7
$\begingroup$

For $m,n,c \in \mathbb{N}$, let $S(m,n;c)$ denote the Kloosterman sum $$ S(m,n;c) := \sum_{\substack{1 \leq a < c \\ \gcd(a,c) = 1}} e \left( \frac{ma + n\overline{a}}{c} \right) $$ where $e(n) = e^{2 \pi i n}$ and $\overline{a}$ denotes the multiplicative inverse of $a \bmod c$.

In my research, involving producing a subconvexity bound for automorphic L-functions, I've recently come across a twisted shifted sum of Kloosterman sums. Let $\chi(\cdot)$ denote a Dirichlet character mod a prime $p$. Then I'm looking at $$ F(a, h, \chi) = \sum_{b \bmod p} \chi(b) S(a, b; p) S(a, b + h; p) \tag{1}.$$

I've never seen sums like this appear, but it looks pretty complicated. A first thing to consider might be an upper bound. We can produce a trivial upper bound using the Weil bound for Kloosterman sums, which indicates that $(1)$ is bounded above by $p^{2 + \epsilon}$, independently of $a,h, \chi$. But I think we should expect much smaller, at the most $p^{3/2 + \epsilon}$.

So I am wondering if someone has considered sums similar to $(1)$. I would also be interested in considerations of the similar but simpler sums $$ \begin{align} F(a, 1, 1) &= \sum_{b \bmod p} S(a, b; p) S(a, b + 1; p) \tag{2} \\ F(a, 1, \chi) &= \sum_{b \bmod p} \chi(b) S(a, b; p) S(a, b + 1; p). \tag{3} \end{align}$$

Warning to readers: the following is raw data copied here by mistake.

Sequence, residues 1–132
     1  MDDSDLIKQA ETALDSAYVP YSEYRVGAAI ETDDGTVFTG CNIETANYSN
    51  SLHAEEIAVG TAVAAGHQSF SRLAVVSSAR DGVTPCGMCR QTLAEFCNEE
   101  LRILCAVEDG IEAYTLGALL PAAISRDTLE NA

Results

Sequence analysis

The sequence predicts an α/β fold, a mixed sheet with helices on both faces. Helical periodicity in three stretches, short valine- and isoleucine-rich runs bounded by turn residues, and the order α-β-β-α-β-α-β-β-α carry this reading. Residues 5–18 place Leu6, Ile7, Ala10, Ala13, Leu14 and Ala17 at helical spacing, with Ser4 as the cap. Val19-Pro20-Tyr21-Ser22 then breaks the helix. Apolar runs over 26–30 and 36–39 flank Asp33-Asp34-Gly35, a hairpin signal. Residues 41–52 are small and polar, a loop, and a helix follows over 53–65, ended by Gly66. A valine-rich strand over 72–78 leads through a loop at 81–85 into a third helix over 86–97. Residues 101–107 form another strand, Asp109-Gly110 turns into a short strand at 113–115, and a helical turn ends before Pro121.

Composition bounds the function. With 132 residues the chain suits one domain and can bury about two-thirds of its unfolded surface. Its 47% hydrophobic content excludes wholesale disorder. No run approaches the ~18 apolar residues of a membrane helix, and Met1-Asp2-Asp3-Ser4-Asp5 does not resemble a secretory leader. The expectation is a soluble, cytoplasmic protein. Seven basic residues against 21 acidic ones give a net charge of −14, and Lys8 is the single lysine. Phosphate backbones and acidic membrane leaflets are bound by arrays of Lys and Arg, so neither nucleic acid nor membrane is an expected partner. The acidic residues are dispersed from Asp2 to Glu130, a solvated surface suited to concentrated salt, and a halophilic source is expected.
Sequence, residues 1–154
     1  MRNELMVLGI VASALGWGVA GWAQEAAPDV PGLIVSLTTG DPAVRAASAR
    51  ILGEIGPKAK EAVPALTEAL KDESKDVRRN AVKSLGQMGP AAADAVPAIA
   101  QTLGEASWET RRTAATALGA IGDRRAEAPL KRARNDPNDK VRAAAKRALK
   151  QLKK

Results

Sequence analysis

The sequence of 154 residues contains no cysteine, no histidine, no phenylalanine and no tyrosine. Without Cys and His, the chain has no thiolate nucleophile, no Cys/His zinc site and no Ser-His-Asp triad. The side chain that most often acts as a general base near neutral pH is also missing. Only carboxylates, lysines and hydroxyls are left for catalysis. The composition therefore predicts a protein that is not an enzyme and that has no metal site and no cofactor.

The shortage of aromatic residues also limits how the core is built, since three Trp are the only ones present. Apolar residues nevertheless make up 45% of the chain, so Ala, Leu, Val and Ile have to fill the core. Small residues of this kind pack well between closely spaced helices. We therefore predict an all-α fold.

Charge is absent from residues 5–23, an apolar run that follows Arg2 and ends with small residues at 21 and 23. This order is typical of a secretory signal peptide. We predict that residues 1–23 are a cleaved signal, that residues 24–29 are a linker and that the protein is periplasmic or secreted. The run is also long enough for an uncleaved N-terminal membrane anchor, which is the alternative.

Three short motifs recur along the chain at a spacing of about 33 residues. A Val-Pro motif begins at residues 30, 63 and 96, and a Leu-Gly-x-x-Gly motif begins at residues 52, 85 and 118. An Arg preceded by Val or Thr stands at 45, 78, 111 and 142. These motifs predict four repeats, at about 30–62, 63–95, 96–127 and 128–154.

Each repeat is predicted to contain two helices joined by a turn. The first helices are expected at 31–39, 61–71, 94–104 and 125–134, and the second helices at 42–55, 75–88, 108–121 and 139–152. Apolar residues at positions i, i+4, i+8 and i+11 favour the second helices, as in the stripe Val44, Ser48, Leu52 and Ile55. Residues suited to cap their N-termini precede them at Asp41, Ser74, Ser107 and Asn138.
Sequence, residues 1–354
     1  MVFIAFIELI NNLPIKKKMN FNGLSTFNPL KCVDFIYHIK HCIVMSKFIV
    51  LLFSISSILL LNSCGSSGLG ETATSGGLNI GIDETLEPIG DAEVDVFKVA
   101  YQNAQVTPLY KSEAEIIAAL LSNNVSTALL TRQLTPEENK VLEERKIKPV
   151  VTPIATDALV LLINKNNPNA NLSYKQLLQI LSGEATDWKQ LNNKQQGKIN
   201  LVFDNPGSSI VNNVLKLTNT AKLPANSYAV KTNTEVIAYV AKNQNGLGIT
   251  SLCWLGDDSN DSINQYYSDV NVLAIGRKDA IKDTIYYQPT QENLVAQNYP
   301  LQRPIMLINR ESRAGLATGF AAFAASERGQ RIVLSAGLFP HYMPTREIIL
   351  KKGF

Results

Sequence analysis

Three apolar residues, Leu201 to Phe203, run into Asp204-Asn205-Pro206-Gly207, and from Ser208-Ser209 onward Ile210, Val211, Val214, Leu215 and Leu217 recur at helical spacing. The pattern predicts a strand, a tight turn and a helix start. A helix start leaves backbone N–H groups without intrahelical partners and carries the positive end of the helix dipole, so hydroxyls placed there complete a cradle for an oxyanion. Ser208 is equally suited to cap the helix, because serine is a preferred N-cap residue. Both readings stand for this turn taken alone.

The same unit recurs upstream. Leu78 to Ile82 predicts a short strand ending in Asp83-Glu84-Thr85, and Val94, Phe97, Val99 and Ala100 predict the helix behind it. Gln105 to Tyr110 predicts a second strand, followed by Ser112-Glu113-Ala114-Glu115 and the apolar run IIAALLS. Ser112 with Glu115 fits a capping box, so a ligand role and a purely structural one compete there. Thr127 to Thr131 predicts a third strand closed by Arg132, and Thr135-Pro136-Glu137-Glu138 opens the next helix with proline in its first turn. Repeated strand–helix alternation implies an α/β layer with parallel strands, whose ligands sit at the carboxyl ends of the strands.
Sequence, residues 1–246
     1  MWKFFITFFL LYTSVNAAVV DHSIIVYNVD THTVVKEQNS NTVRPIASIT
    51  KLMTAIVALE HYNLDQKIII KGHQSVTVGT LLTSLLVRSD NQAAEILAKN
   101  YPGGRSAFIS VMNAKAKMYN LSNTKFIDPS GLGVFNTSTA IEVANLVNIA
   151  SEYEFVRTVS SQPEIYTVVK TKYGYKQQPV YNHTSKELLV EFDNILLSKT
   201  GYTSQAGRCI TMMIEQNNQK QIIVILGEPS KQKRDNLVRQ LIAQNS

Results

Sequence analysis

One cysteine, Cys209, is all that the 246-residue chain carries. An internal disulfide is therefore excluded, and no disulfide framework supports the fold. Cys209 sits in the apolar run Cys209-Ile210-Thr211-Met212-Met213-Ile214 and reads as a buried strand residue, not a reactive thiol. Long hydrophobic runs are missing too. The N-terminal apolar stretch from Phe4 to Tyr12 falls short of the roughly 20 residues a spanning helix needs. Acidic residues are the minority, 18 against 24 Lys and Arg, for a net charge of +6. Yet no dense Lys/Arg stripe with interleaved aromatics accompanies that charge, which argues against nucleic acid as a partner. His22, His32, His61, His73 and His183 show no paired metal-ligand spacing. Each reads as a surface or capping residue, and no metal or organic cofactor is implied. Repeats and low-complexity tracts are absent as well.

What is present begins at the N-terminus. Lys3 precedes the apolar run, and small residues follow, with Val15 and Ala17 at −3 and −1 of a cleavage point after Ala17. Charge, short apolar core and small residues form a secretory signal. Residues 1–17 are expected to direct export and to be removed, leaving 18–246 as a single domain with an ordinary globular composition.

$\endgroup$
  • $\begingroup$ Sum (2) is linear over $b$ and can be easily calculated. $\endgroup$ – Alexey Ustinov Dec 16 '15 at 0:34
  • 6
    $\begingroup$ These estimates are likely covered by the general trace weight machinery of Fouvry, Kowalski, and Michel, though one may need some algebraic geometry to actually deploy this machinery for your specific sums: people.math.ethz.ch/~kowalski/trace-functions-pisa.pdf $\endgroup$ – Terry Tao Dec 16 '15 at 3:44
5
$\begingroup$

Your sum is $$\sum_{i=0}^2 (-1)^i \operatorname{tr}(\operatorname{Frob}_p, H^i_c( \mathbb A^1_{\overline{\mathbb F}_p}, \mathcal{K}\ell_2 (ab) \otimes \mathcal{K}\ell_2 (a(b+h)) \otimes \mathcal L_\chi)$$

The $H^1$ term corresponds to a square-root canncelation bound, the $H^0_c$ term vanishes by definition, and so it is sufficient to show the $H^2_c$ term vanishes.

By Poincare duality, the $H^2_c$ term is equal to the monodromy coinvariants of $\mathcal{K}\ell_2 (ab) \otimes \mathcal{K}\ell_2 (a(b+h)) \otimes \mathcal L_\chi$. We can show this vanishes by the following arguments:

($\chi$ nontrivial) There are no local monodromy invariants at $0$, since $\mathcal{K}\ell_2(ab)$ has unipotent local monodromy at $0$, whereas $\mathcal L_\chi$ has local monodromy a nontrivial tame character.

($h$ nontrivial) One can do something similar using the irreducibility of $\mathcal{K}\ell_2$. However this is superfluous because, as noted by Alexey Ustinov in the comments, the sum simplifies in the $\chi$ trivial case.

$\endgroup$

Your Answer

By clicking “Post Your Answer”, you agree to our terms of service, privacy policy and cookie policy

Not the answer you're looking for? Browse other questions tagged or ask your own question.